Metsä Fibre Mills of the Future  

Team work and self-reliant decision making:
Mills of the Future go together towards common goals 


Metsä Fibre's new production operating model, based on self-directing teams, has gained national recognition. The model called "Mills of the Future" reforms the operations and supervisory work at our mills. "The most important asset are professional colleagues and a supervisor who encourages people to apply themselves to the fullest," says Annastiina Lehto, head of steering at Rauma mill.

Metsä Fibre Mills of the Future

Sheltered in a corner right by the pulp mill's control room, Annastiina Lehto's workspace is located in an open-plan office, where she is steering the pulp mill's 26-member team towards the best possible job performance. Her location close to where things happen is an advantage.

"I see both morning and evening shift workers every day, and I allocate separate time slots from my calendar for supervisory work, which can mean anything from a visit to the control room to focusing on digitally performed tasks. It is characteristic of this job that people turn to me in relation to a wide range of issues. Every supervisor makes use of their own strengths in their work. I happen to be a fairly pedantic person," says Lehto.

Coaching approach feels natural

At the mill, the teams work in a self-directed manner, and there are no longer any shift supervisors. Many problems are solved independently by the team, within the process. In her capacity as the department's supervisor, Lehto focuses on guiding people and on finding best practices with regard to issues that concern the entire pulp mill, such as quality. This coaching-like approach has felt natural to Lehto from the very beginning. "My starting point has always been that the employees are professionals. We ask them what they would do, and the decisions are made together.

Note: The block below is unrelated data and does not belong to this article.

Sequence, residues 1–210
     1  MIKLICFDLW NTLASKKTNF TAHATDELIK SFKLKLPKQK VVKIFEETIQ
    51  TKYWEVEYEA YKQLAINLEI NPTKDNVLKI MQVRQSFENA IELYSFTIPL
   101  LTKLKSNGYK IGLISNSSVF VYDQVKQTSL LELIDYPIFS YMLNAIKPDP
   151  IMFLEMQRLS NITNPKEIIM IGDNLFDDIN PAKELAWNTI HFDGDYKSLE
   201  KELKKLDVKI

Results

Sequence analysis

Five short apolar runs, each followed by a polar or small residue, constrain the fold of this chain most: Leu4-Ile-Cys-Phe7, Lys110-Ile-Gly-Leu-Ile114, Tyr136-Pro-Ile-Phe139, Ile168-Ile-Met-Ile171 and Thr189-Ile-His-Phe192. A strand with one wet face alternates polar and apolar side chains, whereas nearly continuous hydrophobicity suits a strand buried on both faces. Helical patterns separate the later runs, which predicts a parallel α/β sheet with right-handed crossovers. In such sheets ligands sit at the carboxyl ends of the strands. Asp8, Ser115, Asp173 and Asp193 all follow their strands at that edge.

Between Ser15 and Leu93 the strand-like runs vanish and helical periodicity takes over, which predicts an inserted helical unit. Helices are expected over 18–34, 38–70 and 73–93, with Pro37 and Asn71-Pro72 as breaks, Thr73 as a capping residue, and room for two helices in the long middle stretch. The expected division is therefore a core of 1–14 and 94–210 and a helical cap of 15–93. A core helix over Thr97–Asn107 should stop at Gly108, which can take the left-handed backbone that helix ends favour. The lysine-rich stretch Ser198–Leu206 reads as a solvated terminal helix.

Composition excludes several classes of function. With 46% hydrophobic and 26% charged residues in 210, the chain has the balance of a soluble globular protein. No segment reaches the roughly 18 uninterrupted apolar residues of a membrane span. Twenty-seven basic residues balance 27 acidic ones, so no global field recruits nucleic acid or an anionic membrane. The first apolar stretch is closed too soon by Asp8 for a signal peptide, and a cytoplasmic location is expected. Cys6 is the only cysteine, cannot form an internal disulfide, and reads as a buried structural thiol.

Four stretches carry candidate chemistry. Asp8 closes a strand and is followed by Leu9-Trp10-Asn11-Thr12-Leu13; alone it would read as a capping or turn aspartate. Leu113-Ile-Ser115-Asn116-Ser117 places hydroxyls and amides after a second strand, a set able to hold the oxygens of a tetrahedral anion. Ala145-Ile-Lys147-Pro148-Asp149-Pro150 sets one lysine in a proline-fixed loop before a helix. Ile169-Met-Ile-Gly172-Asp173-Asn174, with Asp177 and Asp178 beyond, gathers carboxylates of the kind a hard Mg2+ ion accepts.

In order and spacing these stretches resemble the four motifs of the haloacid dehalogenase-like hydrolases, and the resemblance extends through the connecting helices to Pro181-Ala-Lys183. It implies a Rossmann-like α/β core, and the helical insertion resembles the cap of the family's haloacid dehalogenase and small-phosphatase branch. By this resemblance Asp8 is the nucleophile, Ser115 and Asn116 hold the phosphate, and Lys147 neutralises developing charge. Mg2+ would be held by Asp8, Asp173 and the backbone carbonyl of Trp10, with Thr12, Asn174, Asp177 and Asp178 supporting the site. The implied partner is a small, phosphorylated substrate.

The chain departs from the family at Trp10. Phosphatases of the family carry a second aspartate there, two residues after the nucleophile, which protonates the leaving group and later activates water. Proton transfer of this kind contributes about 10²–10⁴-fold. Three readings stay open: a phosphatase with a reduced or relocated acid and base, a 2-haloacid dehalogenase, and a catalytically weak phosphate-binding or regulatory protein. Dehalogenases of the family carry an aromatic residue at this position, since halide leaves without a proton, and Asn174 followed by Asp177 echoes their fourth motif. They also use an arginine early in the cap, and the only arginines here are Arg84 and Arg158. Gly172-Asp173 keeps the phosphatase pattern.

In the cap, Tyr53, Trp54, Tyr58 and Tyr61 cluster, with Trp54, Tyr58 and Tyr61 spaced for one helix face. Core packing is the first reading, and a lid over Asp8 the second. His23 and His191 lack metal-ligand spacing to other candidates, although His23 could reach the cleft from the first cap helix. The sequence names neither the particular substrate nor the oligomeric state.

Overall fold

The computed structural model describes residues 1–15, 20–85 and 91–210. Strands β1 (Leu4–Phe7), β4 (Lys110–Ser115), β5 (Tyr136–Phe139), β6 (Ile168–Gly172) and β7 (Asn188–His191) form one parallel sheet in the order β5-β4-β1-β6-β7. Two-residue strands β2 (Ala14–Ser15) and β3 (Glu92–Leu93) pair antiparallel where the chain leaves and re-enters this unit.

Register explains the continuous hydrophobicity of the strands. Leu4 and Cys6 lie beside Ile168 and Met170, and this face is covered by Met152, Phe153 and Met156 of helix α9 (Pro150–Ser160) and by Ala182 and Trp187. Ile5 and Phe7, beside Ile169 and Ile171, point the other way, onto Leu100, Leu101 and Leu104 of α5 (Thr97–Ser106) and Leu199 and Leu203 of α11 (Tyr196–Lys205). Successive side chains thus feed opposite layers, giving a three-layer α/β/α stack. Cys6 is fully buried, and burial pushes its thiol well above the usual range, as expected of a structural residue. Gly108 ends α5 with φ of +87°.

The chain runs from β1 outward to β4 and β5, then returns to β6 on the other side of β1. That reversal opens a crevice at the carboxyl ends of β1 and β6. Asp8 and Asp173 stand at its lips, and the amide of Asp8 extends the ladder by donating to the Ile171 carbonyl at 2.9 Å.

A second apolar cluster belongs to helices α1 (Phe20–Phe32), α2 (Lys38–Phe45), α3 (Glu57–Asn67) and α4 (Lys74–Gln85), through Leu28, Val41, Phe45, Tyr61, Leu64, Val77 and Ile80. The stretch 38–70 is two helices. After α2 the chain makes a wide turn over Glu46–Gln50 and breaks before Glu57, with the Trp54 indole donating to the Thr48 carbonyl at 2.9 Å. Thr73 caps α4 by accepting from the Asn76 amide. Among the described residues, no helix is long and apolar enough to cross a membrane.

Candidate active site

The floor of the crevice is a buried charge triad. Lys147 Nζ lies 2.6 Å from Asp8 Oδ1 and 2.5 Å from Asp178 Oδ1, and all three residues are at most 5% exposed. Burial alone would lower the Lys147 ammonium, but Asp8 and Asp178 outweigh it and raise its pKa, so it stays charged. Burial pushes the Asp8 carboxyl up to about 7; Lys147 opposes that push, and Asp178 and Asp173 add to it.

A supervisor listens to people and is sometimes even confronted with difficult personal issues. At the same time, it is my job to ensure that everyone's activities support the achievement of our common strategy and plans," says Lehto.

 "What I like about Metsä Fibre is the fact that new things occur fairly frequently. I support new ways of working and enjoy the fact that you can, within a certain framework, do your job in your own way, and that you can carry out projects alongside your basic tasks. The challenges brought about by changes keep up the interest."

The best experts of their work

The most visible change in the new operating model of Metsä Fibre's production in comparison to the old one is that the shift managers who used to work in shifts transferred to daytime work. Nowadays, the shifts operate independently.

Operator Harri Saisaari (in the photo) participated in the renewal from the very beginning, when he took part in the pilot project carried out in Rauma.

Metsä Fibre Rauma Mills of the Future"The positive thing about this is that we work here independently, and we try to look for solutions as a team before calling for help. The process includes a number of variables, due to which it is important to react at the right time. If you talk about safety, for example, we have the best knowledge of what to do. You have to make decisions in good time," says Saisaari.

During the pilot phase, employees at Rauma developed the practices required for the new operating model. In the new model, the departments are in increasingly direct contact with one another, without any go-betweens.

Teemu Leppänen, who managed the "Mills of the Future" project, emphasises that everything is based on doing things together. Most of the training was carried out where the work is done, too. "We have people who have been running the process for 20 years and who have a deep understanding and knowledge of at least one department.

They already have a vision of how to develop the job. The objective was shared leadership, which gives everyone a chance to influence their own work. Now that they are working the day shift, supervisors can focus on their managerial job and on developing the operations of their respective departments, and on planning training according to personal needs."